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A survivor’s story

Valencia woman shares her tale of breast-cancer survival

Posted: October 7, 2011 1:55 a.m.
Updated: October 7, 2011 1:55 a.m.

Barbara Larson sports pink ribbon earrings in honor of breast cancer awareness.

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Barbara Larson was getting ready for bed when she felt it, a grape-sized lump near her left breast.

The next morning, Larson went for a mammogram. The following day, she had a biopsy. Within a few more days came a diagnosis: Larson had breast cancer, between stages 2 and 3.

“The initial shock was devastating. I didn’t know where to turn. There were so many things going through my head,” Larson said. “Just the thought of having breast cancer was very emotional and scary for me and my family.”

That was 2006. Today, Larson is celebrating five years cancer-free, and has been named the 2011 Henry Mayo Health Foundation Breast Cancer Awareness Spokeswoman. 

Larson, a real-estate agent who lives in Valencia, will speak to Santa Clarita Valley women throughout the month of October about her experiences. Her first appearance was at the annual Bras for a Cause event on Sunday, Oct. 2 at Valencia’s The Oaks Grille at Tournament Players Club.

“It’s such an honor to do this, and I’m enjoying it so much,” Larson said. “Many women have come up to me to tell me I’m an inspiration and that they really appreciated my incredible journey.”

Like most women who are diagnosed with breast cancer, approximately 70 to 80 percent, according to the American Cancer Society, Larson didn’t have a history of the disease in the family.

She’s grateful for taking her lump seriously, especially after discovering the cancer had spread to three lymph nodes during her single mastectomy surgery in October 2006.

“That’s the thing about this disease, it moves quickly. I’m glad I got in the Sheila R. Veloz Breast Imaging Center so quickly. Early detection is key; that’s why mammograms are so important,” Larson said.

Following the mastectomy, Larson received a combination of chemotherapy and radiation. The former caused her hair to fall out in clumps. She had acquired a wig in advance for the occasion, but felt sad about it all the same.

When she was almost bald, Larson’s husband, Ken, an environmental sales manager, took Larson to the bathroom for a short haircut, then a shave down to the scalp.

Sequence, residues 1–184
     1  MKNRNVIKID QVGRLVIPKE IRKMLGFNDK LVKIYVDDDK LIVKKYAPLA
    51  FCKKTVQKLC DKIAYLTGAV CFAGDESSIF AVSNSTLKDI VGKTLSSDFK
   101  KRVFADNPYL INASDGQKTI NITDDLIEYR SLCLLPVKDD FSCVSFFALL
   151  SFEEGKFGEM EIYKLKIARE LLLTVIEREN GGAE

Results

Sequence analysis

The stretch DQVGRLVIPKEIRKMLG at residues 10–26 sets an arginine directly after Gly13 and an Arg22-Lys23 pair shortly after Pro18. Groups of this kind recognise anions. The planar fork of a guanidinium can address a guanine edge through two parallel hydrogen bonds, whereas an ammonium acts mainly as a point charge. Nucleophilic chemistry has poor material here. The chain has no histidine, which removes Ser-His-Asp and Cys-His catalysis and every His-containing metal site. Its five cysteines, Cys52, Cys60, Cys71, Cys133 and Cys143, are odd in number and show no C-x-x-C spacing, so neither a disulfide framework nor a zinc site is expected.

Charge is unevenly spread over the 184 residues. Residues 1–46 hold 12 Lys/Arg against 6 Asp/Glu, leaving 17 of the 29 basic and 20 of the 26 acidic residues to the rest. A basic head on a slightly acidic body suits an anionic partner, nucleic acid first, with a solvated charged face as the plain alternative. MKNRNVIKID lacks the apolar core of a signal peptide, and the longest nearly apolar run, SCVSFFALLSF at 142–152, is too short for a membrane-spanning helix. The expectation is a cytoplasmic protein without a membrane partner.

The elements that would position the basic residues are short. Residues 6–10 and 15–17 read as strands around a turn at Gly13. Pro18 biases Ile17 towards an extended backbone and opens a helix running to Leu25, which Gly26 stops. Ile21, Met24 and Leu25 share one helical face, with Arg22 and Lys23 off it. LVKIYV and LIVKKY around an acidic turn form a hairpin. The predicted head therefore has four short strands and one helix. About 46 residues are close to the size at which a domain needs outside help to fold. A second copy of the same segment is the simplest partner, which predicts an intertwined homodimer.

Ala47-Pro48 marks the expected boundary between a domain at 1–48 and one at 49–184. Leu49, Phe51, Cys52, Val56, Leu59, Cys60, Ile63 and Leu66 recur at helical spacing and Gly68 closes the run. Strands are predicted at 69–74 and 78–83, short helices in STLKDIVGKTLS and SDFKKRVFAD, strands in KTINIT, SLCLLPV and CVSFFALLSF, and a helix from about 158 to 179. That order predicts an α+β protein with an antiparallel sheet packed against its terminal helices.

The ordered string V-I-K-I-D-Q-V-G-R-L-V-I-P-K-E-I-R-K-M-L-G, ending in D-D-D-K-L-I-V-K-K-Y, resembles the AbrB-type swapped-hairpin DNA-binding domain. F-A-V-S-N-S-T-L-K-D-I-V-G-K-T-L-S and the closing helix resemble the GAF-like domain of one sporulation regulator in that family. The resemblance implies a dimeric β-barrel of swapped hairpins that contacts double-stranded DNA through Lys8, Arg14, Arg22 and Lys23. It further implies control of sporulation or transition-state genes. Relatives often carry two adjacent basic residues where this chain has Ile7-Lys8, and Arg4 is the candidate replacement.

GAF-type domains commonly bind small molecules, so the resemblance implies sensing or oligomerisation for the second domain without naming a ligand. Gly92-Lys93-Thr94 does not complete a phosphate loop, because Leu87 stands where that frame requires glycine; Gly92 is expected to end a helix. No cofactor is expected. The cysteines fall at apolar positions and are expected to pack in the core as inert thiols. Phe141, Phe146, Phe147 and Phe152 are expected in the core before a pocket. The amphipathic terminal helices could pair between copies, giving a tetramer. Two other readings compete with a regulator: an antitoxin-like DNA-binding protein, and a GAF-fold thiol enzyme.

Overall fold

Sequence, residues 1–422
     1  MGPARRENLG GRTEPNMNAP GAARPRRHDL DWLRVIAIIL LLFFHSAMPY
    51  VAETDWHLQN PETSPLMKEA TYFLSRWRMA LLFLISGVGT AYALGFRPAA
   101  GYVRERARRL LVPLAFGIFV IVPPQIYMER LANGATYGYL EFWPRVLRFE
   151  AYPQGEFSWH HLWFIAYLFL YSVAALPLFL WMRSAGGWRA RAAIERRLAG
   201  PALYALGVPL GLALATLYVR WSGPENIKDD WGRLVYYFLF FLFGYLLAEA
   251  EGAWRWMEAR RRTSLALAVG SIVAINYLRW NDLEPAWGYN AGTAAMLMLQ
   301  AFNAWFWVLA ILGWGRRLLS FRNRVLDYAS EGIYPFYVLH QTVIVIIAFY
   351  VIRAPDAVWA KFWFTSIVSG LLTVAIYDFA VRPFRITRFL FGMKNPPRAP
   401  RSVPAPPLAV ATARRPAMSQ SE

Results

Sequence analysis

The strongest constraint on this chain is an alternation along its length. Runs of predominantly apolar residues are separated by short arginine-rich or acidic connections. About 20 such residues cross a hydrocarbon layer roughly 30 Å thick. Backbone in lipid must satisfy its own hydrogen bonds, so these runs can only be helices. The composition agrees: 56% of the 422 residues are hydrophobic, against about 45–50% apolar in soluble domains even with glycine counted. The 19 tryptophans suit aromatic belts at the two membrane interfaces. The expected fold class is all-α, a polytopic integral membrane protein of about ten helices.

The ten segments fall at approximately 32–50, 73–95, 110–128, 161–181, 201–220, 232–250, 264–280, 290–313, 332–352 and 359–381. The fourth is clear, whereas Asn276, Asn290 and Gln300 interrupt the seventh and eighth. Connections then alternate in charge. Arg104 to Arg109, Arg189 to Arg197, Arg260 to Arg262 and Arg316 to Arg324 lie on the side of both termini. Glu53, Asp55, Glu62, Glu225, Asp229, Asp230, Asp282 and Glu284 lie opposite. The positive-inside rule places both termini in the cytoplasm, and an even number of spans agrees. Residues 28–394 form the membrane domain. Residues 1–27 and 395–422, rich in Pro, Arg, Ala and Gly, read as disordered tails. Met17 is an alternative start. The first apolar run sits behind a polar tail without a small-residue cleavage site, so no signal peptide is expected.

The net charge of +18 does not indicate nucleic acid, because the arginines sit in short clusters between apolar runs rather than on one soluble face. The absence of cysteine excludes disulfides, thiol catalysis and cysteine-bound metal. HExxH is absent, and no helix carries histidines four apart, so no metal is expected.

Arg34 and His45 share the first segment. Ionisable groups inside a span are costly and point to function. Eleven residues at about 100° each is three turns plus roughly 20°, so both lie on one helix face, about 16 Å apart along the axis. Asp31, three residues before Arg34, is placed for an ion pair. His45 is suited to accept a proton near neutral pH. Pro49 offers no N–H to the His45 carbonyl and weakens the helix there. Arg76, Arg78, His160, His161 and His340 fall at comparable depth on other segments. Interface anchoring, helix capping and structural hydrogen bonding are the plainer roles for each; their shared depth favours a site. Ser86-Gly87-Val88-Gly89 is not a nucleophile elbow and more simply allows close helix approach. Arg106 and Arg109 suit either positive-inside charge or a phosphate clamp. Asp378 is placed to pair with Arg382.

“I was looking in the mirror, with tears streaming down my face,” Larson recalled. “I said, ‘I look so ugly,’ and Ken said, ‘No, you don’t. You look beautiful.’”

That kind of love and support got Larson through her toughest times.

“I have to credit my doctors, family and friends for keeping my spirits high. Through faith, prayer and the love of my husband, who is my biggest cheerleader, I was able to overcome a lot of challenges,” she said.

After she finished chemotherapy, Larson went back to work and, amazingly, managed to stay working in the process of receiving radiation, an ability she credits to her medical team at Henry Mayo Newhall Memorial Hospital in Valencia.

“I was so fortunate, all the medication they gave me was just the perfect combination,” Larson said. “There were days I was tired, but I never missed work.”

She finally did miss a few days when, two weeks following her chemo, Larson was admitted to Henry Mayo’s emergency room with acute appendicitis, for which she received an emergency appendectomy.

Months later, Larson underwent breast-reconstruction surgery and was happy with the results. “It’s amazing what they can do with all the modern technologies out there now,” she said.

In the summer of 2008, however, another health issue developed when Larson underwent open-heart surgery to repair a valve.

During a follow-up breast-cancer visit in August 2009, Larson was dealt yet another physical blow.

Her physician, suspecting something unrelated was awry with Larson, ordered an MRI. The test revealed Larson had an aneurysm on her heart, requiring a second open-heart surgery.

“If that aneurysm hadn’t been discovered, I probably wouldn’t be here to tell my story,” Larson said. “Between the cancer, the surgeries and appendectomy, and chemo and radiation, it was a pretty challenging three years of my life.”

The best thing about having breast cancer, Larson noted, was that it drew her closer to her faith, friends and family.

“I can’t stress how important that is,” she said. “With all the things going through your mind, you need a close person, husband, family member or friend to get you through it, which I had.”

Even in her darkest moments, Larson continued to find inspiration and strength. She even decided to give back to the hospital she credited with saving her life by becoming a member of the Henry Mayo Holiday Home Tour League, which raises funds for the hospital’s women’s services unit.

“After my experiences, I wanted to do something, anything, to help other women. Last year, the home tour raised about $25,000 for the neonatal intensive care unit, which is being built now,” Larson said proudly.

While the impact she’ll have as a volunteer speaker isn’t as tangible, Larson has high hopes that her contributions will make a difference for other women with breast cancer in the community.

“My motto is, ‘Keep a positive attitude, and never give up, because life is not over by any means,’” she said. “Just by working together, I’m certain we can find a cure for this dreadful disease.”

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